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Anthropology posts

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  • November 10, 2016
  • 05:29 AM
  • 640 views

Building bridges in a divided world

by Ingrid Piller in Language on the Move

As I am trying to finalize the manuscript for the second revised edition of my 2011 book Intercultural Communication: A...... Read more »

Markus, A. (2016) Australians Today: The Australia@2015 Scanlon Foundation Survey. Scanlon Foundation. info:/

  • November 4, 2016
  • 12:10 AM
  • 687 views

Stereotyped ethnic names as a barrier to workplace entry

by Ingrid Piller in Language on the Move

Who of the three women in this image do you think German employers are most likely to consider as a...... Read more »

  • October 31, 2016
  • 03:03 AM
  • 592 views

Room 33 Revisited

by teofilo in Gambler's House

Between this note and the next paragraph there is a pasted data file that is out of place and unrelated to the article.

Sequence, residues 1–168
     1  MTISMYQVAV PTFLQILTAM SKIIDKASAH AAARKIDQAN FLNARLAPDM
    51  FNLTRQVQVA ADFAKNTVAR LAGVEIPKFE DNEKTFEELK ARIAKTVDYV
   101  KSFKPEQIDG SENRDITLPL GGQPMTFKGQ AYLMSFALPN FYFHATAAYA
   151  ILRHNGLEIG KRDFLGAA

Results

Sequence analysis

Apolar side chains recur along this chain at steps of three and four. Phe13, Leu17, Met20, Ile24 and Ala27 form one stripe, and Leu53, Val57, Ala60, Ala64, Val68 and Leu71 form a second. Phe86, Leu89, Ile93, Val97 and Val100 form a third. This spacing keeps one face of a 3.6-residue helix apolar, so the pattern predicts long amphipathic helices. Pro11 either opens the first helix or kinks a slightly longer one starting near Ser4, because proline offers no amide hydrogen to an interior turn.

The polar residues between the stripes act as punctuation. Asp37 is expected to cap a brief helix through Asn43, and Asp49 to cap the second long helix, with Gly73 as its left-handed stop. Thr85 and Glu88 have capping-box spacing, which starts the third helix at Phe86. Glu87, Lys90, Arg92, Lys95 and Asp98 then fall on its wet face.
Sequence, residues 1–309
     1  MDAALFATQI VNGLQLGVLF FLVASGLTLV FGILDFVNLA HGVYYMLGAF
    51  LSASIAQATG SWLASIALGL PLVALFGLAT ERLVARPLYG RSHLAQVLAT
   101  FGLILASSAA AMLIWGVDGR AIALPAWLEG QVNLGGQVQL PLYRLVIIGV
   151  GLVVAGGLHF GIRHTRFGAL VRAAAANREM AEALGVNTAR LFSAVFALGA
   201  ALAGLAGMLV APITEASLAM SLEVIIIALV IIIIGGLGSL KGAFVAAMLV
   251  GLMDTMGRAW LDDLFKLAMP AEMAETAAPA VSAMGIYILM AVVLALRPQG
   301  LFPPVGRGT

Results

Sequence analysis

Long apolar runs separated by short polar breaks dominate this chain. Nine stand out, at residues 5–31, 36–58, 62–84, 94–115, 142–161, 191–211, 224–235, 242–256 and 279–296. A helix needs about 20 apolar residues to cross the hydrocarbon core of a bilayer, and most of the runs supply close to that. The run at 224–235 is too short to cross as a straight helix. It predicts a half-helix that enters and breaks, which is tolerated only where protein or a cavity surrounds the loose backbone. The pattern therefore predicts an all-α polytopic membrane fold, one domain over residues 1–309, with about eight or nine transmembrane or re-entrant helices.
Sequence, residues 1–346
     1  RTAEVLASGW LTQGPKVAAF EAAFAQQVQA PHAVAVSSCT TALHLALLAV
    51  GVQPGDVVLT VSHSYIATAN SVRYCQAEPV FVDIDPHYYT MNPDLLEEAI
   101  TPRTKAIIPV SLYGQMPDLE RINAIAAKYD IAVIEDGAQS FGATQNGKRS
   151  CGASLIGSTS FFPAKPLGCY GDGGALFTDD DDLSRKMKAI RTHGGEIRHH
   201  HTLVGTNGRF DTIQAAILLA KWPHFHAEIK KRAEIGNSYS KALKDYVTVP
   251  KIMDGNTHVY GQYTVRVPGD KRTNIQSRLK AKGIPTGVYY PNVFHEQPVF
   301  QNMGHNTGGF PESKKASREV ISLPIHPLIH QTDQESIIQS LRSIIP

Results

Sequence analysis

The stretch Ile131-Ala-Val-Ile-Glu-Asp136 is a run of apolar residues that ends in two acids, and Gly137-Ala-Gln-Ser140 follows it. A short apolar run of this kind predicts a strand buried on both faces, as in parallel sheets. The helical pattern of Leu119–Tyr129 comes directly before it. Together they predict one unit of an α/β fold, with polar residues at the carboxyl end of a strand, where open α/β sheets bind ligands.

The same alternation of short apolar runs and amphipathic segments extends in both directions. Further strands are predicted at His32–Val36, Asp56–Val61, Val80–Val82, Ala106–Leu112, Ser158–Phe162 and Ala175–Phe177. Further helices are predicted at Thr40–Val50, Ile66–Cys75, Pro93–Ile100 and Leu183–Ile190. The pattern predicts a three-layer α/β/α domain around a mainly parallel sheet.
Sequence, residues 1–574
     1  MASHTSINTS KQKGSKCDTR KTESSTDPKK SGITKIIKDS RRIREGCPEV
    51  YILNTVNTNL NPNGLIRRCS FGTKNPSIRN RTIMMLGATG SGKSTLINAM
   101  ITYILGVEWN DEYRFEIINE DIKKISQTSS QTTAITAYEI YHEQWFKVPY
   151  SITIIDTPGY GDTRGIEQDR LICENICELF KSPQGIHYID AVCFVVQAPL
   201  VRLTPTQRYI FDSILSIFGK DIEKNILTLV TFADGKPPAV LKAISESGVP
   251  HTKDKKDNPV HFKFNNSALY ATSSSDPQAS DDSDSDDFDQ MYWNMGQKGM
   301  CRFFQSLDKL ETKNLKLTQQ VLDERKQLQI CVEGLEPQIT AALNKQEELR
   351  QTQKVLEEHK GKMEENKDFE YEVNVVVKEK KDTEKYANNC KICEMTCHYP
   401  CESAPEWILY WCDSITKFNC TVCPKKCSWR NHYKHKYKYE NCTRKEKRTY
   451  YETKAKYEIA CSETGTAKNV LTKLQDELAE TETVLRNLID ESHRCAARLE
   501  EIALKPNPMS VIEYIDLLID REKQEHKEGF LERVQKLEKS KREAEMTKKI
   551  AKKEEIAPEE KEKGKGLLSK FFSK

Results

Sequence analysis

In my post about the recent radiocarbon dating of macaw remains from Chaco Canyon, I mentioned another paper I’ve been meaning to post about. Published in 2010 by Steve Plog and Carrie Heitman of the University of Virginia, it takes a close look at burial practices at Chaco, particularly focusing on the northern burial cluster […]... Read more »

Plog, S., & Heitman, C. (2010) Hierarchy and social inequality in the American Southwest, A.D. 800-1200. Proceedings of the National Academy of Sciences, 107(46), 19619-19626. DOI: 10.1073/pnas.1014985107  

  • October 27, 2016
  • 03:30 AM
  • 604 views

What makes foreigners weird? A quick guide to orientalism

by Ingrid Piller in Language on the Move

One of the central arguments of my book Intercultural Communication is that, even today, much intercultural communication is approached from...... Read more »

Piller, I. (2011) Intercultural Communication: A Critical Introduction. Edinburgh: Edinburgh University Press. info:/

  • October 22, 2016
  • 04:10 PM
  • 640 views

Red meat and organs may pose a significant health hazard

by Dr. Jekyll in Lunatic Laboratories